Dear Professor Myers and fellow classmates,
When I was applying to colleges, I knew that every university would have their own version of a University Writing program for freshman students. This worried me, because it made me question the writing skills that I had developed in high school. I assumed they would not be sufficient. As I have come to realize, writing is a skill that can always be improved and it is not easy to write well, nor is it to judge good writing.
One aspect of this class that I will forever be indebted to is the use of non-traditional essay formatting. Because we so heavily focused on blogging and journalism, the customary analytical essay format was not one that was emphasized when we wrote our first two papers. Looking at writing from a different perspective and through a different, more creative lens helped me write the group paper. I was able to take a new theoretical framework and apply it to an analytical-style essay.
The writing activities that we did in class helped my ability to focus my ideas into concessive thoughts; having a time limit is very constructive. While my methods of writing have not changed, this new ability has shortened the amount of time it takes me to write. It is especially helpful when writing a longer paper, where an outline is necessary to not become bogged down with off-topic information. I also stand true to my original way of revising my work. The importance of revision has been firmly imprinted into my head now, but if I am satisfied with my writing, I will not go back and change it just for the sake of revision.
I take my first essay on the meaning of science as an example. The first draft that I turned in was certainly in draft form. My ideas were scattered and I did not have a clear thesis. When writing a creative and personal piece, sometimes a thesis is more difficult to come up with. Often, I will write a paper and then form a thesis based on my body paragraphs. When I went back to revise this essay, I made significant changes in formatting and with my overall answer to the question, what is the meaning of science?
With this essay, I found that much of my ideas and arguments were taken from the writing done at the beginning of class. I had been building a theoretical framework all along, which is a very cool. The concept of a theoretical framework had never been formally presented to me, but it can be applied to everything. The ability to identify my source types and categorize them has made my writing process much easier to incorporate my sources.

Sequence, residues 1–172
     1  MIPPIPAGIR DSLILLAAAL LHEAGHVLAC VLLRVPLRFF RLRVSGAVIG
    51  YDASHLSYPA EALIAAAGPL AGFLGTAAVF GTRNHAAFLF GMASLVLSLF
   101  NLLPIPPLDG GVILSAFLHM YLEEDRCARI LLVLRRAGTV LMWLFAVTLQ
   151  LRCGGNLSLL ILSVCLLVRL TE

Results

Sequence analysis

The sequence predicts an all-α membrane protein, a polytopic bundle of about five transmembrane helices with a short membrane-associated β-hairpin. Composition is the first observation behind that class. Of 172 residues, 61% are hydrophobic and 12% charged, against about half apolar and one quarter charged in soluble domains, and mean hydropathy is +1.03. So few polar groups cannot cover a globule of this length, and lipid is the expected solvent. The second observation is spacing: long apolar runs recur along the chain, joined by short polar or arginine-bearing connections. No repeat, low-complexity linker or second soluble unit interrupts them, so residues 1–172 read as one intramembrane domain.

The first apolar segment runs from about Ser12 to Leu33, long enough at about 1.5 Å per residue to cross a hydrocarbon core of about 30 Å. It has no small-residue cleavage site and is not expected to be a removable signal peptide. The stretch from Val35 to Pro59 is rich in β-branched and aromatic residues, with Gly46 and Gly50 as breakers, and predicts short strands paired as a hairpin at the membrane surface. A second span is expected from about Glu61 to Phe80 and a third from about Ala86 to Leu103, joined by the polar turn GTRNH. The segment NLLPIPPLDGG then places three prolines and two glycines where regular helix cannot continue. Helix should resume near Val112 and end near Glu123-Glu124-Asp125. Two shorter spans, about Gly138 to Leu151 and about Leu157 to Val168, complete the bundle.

One large aspect of scholarly writing is the use of scholarly sources. What constitutes a scholarly source? What is a scholarly question? To me, having a depth of knowledge on a specific subject makes a scholar of that subject. Therefore, any writing or research that scholar undertakes constitutes a scholarly source, as long is it is credited by other scholars in the same field. The belief that scholarly sources are critical to a good essay is a valid argument. Through this class, I have learned the importance of the big picture. By big picture, I mean that while one person may hold great knowledge on a subject, but looking only at one person is not an accurate way to draw conclusions.
The question of a scholarly source stemmed from blogging, and whether or not blogging was a legitimate source of information. I have come to believe that a blog can absolutely be a credible source of information, depending of course, on the specific blog. Doubt plays a role in credibility, because on such a topic where there is no clear answer, there is nothing to be credited.
This writing class was unique from any other writing class that I’ve taken. It has make me examine the framework of writing, and strayed from the importance of content while emphasizing its delivery. For that I am grateful.